Parents

'Parenting in a nutshell': Mom shares funny story of poster board fiasco

It's a moment every parent gets to experience at least once — if not dozens of times — while parenting school-age children: the frantic plea, often at 9 p.m. on a school night, to acquire a pristine piece of poster board for a school project before the next morning.

Rachael Pavlik, a Houston mother of two who writes the blog RachRiot, was lucky enough to have this happen to her, and not for the first time, this week. Her 11-year-old daughter Camille informed her at, yes, 9 p.m. the night before, that she needed a piece of white poster board for art class the next day.

"Apparently, she knew she needed it for a full week before asking," Pavlik told TODAY Parents. "Whining and tears — from her, mostly — ensued before I stomped out of the house to two different stores for the d*mn poster board. I put on a bra and everything."

But though Pavlik's daughter was grateful and relieved to have the poster board ready to go, that was not the end of the story. "She made it out of the house with the poster board safely rolled in a rubber band," said Pavlik. "I kissed both kids goodbye. I was feeling really good about life until I went for my morning walk and rounded the corner where the bus stop is."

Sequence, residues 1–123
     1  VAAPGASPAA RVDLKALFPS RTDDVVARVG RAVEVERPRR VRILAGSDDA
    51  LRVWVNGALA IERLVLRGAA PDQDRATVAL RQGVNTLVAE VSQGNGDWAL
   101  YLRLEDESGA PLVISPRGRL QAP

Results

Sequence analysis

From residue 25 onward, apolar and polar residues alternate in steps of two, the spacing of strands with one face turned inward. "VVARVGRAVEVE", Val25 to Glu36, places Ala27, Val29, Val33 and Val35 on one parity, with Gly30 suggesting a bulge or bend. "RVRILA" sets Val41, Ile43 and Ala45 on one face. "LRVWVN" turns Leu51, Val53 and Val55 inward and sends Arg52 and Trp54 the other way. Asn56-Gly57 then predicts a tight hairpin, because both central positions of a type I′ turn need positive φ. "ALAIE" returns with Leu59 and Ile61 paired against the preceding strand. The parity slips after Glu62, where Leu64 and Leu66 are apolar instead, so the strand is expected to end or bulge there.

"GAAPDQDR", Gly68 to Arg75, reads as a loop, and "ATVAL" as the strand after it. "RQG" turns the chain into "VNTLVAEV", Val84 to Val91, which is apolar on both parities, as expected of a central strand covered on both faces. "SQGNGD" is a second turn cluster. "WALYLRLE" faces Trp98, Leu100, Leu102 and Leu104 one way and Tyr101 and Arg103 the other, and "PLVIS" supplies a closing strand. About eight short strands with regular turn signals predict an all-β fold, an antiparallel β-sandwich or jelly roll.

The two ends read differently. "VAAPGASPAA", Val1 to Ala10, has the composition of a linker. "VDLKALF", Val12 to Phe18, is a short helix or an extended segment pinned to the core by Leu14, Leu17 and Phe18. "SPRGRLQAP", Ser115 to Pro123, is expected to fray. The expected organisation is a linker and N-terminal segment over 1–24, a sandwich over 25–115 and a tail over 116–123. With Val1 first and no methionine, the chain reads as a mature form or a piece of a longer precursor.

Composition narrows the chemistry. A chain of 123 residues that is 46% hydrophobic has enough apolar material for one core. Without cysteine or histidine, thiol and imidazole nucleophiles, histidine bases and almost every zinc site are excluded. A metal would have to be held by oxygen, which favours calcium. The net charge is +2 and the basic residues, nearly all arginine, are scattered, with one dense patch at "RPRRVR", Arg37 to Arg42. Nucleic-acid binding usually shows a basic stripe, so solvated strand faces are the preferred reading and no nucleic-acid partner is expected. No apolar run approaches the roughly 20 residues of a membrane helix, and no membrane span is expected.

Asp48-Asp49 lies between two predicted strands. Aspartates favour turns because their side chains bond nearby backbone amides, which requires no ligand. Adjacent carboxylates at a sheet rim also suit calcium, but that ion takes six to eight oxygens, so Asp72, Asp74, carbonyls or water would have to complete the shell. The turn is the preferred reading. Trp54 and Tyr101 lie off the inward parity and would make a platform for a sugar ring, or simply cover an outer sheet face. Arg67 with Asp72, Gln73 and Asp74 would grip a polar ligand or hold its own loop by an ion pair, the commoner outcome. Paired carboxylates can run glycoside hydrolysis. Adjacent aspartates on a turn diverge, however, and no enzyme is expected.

By that time, the bus was long gone, with Pavlik's kids safely on it. However, the poster board was not. "There was the lone poster board, sitting at the bus stop. I just stared at it for a minute and then busted out laughing. What can you do?"

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Pavlik posted a picture of the lonely, forgotten poster board at the bus stop on her Facebook page, where the photo has 17,000 likes and 4,000 shares, with the caption, "Parenting in a nutshell." Obviously, other parents can relate.

Rachael Pavlik
Eventually, Rachael Pavlik's daughter, Camille, did manage to take the poster board into class successfully.

But Pavlik said she did not take the item her daughter needed so desperately the night before to the school. "Nope. Not this mom. I can't keep rescuing her," said Pavlik. "This isn't the first time she has left things behind, so it was a teachable moment. My kids hate my teachable moments."

But Camille did manage to take the poster board in to school the next day, and the whole family had a good laugh about the debacle. However, Pavlik's "teachable moment" didn't stick.

"Guess what? SHE LEFT HER LUNCH AT HOME TODAY!" said Pavlik. "It looks like cafeteria Sloppy Joe City for her!"

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